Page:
AWP Implementation Layer 5: Integrated Information Management

Transformation Management in Capital Projects

The team with the best information wins: How to collect, organize and leverage data to support predictable project delivery

Andrew Foy is a Construction Industry professional with 15 years of capital project experience in the oil and gas sector. He gained 10 years experience as a Project Manager, executing capital projects in Canada, to understand all facets of project delivery working for large Construction contractors. He then transitioned to a full-time AWP Manager role in 2015, spending five years establishing AWP programs for three large downstream organizations, covering projects ranging from $100 million to several billion. Most recently, he has been the lead instructor in the Concord Academy.

Data floods into modern capital projects like tributaries to a mighty river. It comes from multiple sources, in countless formats, designed for myriad purposes, and it never stops. Traditionally this data was held in departmental silos, but Advanced Work Packaging has opened the floodgates. Today, one of the biggest challenges facing capital project teams is the development of effective systems to collect, organize and leverage data to support on-time, on-budget project delivery. That’s what Layer 6: Integrated Information Management is all about.  

Consider the 3D model.  Just a decade ago, a 3D model was a single-purpose visualization tool used exclusively in the engineering phase of a capital project. Today it serves as a vital management tool through the entire project lifecycle, used to animate the Path of Construction, for graphical work packaging in the field, and for status visualizations at each stage of construction. It can be a powerful communication tool if it’s set up properly — and therein lies the challenge. 

The 3D model alone contains a massive amount of engineering data, telling us where each component is located, what work package it’s in, what material it’s made of, how much it weighs, and so on. If we want to use the engineering model to display the Path of Construction, we must layer in the relevant construction data by linking the two datasets together. This is usually done with a “join key,” a column of data that is the same in both tables. Establishing the join key and related data collection and sharing protocols requires an extraordinarily high level of integrated information management. Most capital project teams aren’t there yet, but those that have invested in Layer 6 reap great rewards.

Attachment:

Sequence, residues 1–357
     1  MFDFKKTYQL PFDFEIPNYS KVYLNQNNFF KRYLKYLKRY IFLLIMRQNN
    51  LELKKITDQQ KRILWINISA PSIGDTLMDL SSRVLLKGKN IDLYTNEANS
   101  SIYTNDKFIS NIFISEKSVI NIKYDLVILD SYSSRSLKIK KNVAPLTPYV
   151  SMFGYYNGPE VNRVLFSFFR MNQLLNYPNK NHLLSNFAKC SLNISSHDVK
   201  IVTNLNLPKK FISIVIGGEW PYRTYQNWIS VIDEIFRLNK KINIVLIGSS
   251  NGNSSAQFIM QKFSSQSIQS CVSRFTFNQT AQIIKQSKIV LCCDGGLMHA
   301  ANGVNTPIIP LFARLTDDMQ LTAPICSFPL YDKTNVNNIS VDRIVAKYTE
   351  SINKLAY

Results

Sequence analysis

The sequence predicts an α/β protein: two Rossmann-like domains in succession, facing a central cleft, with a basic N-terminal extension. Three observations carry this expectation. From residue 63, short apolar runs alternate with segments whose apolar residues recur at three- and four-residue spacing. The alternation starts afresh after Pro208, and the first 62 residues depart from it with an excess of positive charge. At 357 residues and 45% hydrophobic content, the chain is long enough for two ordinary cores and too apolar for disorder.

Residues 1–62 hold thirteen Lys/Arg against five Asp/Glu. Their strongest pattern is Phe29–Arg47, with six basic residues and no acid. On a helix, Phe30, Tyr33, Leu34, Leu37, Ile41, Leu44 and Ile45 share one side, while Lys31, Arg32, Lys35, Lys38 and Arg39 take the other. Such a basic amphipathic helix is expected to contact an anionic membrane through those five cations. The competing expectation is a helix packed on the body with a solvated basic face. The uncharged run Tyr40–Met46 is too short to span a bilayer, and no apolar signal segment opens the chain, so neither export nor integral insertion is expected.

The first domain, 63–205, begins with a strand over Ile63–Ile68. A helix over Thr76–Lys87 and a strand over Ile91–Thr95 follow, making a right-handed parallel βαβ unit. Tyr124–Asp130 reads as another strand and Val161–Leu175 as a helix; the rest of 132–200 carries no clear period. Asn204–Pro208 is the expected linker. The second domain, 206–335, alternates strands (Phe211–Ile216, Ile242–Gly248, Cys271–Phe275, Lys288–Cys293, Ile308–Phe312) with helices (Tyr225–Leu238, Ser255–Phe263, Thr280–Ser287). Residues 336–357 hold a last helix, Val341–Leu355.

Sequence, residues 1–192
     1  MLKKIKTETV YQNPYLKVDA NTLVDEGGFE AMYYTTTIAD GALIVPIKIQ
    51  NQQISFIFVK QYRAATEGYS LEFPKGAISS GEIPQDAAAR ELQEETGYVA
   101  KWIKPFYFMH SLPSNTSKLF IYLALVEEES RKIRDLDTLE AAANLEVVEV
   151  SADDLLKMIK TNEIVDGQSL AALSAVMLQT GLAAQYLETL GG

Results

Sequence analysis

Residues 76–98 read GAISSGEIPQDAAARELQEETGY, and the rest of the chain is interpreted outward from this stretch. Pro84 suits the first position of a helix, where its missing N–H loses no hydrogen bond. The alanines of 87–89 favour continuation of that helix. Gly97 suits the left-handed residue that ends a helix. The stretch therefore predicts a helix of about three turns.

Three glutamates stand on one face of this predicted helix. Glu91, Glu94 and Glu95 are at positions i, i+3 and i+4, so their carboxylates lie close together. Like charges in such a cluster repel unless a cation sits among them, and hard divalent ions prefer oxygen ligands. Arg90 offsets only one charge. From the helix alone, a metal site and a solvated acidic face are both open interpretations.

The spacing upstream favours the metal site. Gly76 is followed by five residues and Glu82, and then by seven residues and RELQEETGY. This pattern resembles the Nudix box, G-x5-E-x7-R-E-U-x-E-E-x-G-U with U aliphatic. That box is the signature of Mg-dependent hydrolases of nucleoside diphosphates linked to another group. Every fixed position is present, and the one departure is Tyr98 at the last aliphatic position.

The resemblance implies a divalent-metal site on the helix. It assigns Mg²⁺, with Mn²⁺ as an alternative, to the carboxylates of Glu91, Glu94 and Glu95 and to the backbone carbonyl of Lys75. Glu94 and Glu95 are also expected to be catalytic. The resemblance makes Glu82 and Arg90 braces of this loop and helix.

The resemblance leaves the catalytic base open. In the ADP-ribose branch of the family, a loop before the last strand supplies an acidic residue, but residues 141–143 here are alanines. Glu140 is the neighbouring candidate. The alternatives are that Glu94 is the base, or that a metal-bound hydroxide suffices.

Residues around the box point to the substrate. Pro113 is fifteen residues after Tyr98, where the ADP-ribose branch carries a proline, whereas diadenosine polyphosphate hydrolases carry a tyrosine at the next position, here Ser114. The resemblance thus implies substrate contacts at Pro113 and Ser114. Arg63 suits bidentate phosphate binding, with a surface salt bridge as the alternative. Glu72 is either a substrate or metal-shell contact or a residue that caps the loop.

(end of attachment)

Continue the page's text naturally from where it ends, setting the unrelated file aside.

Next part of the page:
What are the benefits of Integrated Information Management?

Effective data and information management provides unrivalled visibility, which in turn supports accountability and drives predictability. Status visualization provides an accurate picture of project progress at a glance — no more digging through spreadsheets and drawings, calculating percentages, and sticking your thumb in the air. 

With a fully integrated information management system, project managers have full insight into team and contractor deliverables, which improves accountability across the board. With improved visibility and comprehensive, granular detail, leaders can see when the project is going off the rails and can take action to correct the problem before it becomes a crisis. A data-rich model can even help maximize on-tool time. 

4 Signs You Need to Invest in Integrated Information Management

Most capital project organizations can benefit from improved information management practices. Advanced Work Packaging has swiftly emerged as the most effective way to deliver predictable, on-time, on-budget projects, and our knowledge management systems have only begun to catch up. Here are four signs it’s time to overhaul your systems:

1 | You’re still planning your project the old-fashioned way, with stacks of drawings on your desk and dozens of spreadsheets on your computer.

2 | You can’t accurately assess your progress and you don’t know when your project is going off the rails.

3 | You don’t have a system map. You haven’t identified which tool needs what information and who needs to share what data which whom, and when. Your systems don’t talk to one another.

4 | Project management feels like doing a jigsaw puzzle with no picture on it: You can see the shapes and you know they all fit together, but putting it together is all trial and error.

If this sounds familiar and you’re interested in learning more about how to apply Integrated Information Management principles to your projects, the Concord team is standing by to help. Contact us today.

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